award interviews with spectroscopy
SciX - FACSS Awards Interview Series produced by Spectroscopy Magazine
2019 FACSS Charles Mann Awardee for Applied Raman Spectroscopy - Karen Faulds
Recent advances in Raman spectroscopy, specifically using surface enhanced spatially offset resonance Raman spectroscopy (SESORRS), which is a combination of surface enhanced Raman scattering (SERS), and spatially offset Raman spectroscopy (SORS) are enabling noninvasive, real-time measurements of living tissue and multiple bacterial pathogens. In an interview with Karen Faulds, the 2019 recipient of the FACSS Charles Mann Award for Applied Raman Spectroscopy, we explore the latest developments in Raman spectroscopy for biomedical analysis applications. This interview is part of a series of interviews with the winners of awards presented at the SciX conference.Read interview
2019 Lester W. Strock Award - S. Michael Angel
Spectroscopy can be difficult to carry out outside a controlled laboratory environment. Imagine, then, the hurdles that would accompany performing spectroscopy in the extreme conditions of deep space or the ocean floor. Mike Angel, a professor of chemistry at the University of South Carolina, has taken on those challenges, working on new types of instruments for remote and in- situ laser spectroscopy, with a focus on deep-ocean, planetary, and homeland security applications of deep ultraviolet (UV), Raman and laser-induced breakdown spectroscopy (LIBS), to develop the tools necessary to work within these extreme environments. A key development is the spatial heterodyne Raman spectrometer, a fixed grating Fourier transform Raman spectrometer. For this development and other work, Angel has been awarded the Lester W. Strock Award from The New England section of the Society of Applied Spectroscopy, in recognition of a selected publication of substantive research in, or application of, analytical atomic spectrochemistry in the fields of earth science, life sciences, or stellar and cosmic sciences.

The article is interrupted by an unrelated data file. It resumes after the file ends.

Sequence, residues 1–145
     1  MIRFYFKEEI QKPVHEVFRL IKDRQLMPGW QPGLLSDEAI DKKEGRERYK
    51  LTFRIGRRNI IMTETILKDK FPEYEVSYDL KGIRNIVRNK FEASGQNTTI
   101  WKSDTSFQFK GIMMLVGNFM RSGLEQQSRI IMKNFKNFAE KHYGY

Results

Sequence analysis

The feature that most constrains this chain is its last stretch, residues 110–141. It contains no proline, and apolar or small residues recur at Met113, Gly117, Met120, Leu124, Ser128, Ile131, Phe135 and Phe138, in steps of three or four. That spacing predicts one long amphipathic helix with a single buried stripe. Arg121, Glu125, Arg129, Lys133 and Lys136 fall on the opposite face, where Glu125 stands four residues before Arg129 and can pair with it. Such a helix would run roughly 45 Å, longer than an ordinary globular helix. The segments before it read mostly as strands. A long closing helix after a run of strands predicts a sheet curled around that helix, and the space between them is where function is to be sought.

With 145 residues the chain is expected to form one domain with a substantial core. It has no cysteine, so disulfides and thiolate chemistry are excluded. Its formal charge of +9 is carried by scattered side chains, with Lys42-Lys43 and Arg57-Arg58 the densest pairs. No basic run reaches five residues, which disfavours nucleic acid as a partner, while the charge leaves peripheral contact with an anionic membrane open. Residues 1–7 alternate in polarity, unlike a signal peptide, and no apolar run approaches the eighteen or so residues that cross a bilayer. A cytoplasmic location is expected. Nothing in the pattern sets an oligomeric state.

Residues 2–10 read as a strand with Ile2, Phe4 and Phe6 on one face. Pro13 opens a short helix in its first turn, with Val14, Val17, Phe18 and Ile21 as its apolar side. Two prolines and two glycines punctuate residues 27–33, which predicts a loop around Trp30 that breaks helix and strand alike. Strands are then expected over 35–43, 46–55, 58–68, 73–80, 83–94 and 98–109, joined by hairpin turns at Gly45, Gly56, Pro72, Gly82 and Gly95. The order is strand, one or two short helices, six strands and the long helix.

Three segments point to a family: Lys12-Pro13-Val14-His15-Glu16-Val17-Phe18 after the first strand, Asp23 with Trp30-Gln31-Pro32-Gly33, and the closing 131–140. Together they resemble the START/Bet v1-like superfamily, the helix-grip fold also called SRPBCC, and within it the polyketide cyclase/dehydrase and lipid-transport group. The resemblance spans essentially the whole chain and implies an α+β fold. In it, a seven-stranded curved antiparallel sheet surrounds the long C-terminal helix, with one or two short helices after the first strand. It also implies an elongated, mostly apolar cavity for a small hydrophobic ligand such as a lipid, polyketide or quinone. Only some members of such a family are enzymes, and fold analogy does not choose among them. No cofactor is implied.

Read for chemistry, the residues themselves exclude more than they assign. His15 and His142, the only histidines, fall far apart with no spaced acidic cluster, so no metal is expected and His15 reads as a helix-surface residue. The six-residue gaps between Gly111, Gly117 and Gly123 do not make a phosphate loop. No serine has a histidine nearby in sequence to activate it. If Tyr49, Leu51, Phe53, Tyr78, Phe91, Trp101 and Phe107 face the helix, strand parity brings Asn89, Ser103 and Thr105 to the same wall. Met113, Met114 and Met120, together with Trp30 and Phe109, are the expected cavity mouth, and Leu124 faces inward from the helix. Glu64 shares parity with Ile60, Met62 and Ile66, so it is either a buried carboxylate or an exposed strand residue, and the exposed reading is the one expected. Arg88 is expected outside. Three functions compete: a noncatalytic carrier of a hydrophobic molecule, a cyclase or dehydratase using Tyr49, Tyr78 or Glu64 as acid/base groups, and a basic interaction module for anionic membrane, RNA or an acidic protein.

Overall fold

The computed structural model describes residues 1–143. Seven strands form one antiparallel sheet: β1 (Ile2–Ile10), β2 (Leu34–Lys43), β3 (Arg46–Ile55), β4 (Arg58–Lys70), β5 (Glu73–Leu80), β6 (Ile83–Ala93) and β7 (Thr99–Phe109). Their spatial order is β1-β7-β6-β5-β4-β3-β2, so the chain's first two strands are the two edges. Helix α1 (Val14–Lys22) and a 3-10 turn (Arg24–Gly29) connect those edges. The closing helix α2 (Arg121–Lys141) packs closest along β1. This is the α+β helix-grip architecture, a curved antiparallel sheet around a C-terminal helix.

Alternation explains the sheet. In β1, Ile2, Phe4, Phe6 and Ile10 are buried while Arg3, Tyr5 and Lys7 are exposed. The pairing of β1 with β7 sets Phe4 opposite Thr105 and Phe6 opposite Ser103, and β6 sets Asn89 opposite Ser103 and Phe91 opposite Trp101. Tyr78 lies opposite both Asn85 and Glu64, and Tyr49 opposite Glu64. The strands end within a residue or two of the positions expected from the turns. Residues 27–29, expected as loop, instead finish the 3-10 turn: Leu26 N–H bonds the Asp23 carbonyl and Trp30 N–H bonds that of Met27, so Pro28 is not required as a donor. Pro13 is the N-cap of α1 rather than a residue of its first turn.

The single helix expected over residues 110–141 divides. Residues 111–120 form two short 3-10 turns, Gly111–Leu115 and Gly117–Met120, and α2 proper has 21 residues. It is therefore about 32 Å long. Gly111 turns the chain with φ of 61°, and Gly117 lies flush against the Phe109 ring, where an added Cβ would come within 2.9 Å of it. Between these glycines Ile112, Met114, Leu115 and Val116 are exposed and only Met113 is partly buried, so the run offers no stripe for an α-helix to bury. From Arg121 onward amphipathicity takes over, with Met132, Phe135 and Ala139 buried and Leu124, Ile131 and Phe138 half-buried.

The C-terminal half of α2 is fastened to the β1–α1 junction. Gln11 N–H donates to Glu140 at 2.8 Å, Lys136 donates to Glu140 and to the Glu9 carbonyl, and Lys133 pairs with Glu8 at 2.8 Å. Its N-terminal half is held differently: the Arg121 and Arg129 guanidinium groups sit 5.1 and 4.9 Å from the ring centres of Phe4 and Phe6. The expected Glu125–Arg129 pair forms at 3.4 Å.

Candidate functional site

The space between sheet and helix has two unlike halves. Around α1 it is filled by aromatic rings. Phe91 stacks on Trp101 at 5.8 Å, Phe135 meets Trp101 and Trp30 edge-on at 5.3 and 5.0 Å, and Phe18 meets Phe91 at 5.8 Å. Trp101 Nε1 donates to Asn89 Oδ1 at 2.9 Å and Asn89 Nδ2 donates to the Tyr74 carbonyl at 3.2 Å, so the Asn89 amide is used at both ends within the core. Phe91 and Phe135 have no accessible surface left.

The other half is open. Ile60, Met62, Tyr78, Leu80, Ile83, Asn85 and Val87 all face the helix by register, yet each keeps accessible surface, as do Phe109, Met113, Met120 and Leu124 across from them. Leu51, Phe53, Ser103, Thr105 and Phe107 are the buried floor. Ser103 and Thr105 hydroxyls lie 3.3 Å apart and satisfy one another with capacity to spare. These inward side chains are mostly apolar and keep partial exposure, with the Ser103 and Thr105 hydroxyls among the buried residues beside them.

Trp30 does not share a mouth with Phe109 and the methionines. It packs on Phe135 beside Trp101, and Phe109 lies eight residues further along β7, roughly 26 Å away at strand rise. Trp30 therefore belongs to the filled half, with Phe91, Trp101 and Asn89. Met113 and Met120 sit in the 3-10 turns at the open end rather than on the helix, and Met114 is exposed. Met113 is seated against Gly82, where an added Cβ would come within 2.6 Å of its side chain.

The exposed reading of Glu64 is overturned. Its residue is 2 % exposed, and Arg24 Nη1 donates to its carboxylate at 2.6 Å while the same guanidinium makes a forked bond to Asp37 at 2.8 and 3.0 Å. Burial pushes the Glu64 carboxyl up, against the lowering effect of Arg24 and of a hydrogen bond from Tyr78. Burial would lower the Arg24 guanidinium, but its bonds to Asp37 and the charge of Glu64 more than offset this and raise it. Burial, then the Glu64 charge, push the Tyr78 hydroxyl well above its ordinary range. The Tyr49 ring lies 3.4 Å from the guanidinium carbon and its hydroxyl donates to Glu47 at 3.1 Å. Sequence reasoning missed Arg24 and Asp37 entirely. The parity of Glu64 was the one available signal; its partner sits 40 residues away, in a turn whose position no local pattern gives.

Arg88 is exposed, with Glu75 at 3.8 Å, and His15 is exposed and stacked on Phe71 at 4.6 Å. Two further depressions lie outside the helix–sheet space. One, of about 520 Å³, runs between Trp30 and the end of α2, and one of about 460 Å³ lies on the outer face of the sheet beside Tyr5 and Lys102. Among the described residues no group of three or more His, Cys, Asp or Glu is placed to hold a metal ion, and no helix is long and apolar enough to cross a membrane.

2019 Coblentz Society Craver Award Recipient - Xiaoyun "Shawn" Chen
The Clara Craver award, awarded annually since 2006 by the Coblentz Society, was named after Craver in recognition of her pioneering efforts in promoting the practice of infrared vibrational spectroscopy and her many years of service to the Coblentz Society. The award recognizes the efforts of young professional spectroscopists and their contributions in applied analytical vibrational spectroscopy. The 2019 recipient, Xiaoyun (Shawn) Chen, is a senior research scientist working in the Core R&D Analytical Sciences department of the Dow Chemical Company. Chen has been leading Dow’s global optical spectroscopy technology network since 2013, and also the molecular structure capability since 2016. Through his work at Dow sites around the world, Chen not only helps solve a broad range of problems and improve many different types of R&D and production processes, but also has the joy of introducing many colleagues, such as process engineers and synthetic chemists, to the benefits of spectroscopy for their applications.
2019 Applied Spectroscopy William F. Meggers Award – Timothy J. Johnson